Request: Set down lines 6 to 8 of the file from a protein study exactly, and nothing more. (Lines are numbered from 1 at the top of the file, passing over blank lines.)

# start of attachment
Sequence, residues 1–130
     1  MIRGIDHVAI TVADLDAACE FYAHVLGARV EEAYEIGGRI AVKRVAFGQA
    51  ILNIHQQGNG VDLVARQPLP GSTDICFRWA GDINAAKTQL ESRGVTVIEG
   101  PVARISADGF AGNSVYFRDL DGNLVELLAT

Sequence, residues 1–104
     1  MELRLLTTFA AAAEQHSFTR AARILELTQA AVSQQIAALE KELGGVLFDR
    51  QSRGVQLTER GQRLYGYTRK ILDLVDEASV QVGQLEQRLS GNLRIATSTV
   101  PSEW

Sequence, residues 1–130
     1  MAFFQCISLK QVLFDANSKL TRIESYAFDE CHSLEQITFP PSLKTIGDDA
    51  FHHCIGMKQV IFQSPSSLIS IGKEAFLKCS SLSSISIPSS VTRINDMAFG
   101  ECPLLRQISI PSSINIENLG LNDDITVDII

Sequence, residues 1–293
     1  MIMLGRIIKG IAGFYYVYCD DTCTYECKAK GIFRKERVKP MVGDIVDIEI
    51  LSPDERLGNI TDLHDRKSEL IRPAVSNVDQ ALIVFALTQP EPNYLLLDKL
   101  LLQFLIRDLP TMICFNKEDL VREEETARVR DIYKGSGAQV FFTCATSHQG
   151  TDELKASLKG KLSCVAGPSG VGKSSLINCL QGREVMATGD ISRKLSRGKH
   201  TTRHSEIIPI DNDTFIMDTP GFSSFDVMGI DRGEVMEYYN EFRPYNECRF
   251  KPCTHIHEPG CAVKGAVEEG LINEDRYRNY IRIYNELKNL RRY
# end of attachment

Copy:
     1  MELRLLTTFA AAAEQHSFTR AARILELTQA AVSQQIAALE KELGGVLFDR
    51  QSRGVQLTER GQRLYGYTRK ILDLVDEASV QVGQLEQRLS GNLRIATSTV
   101  PSEW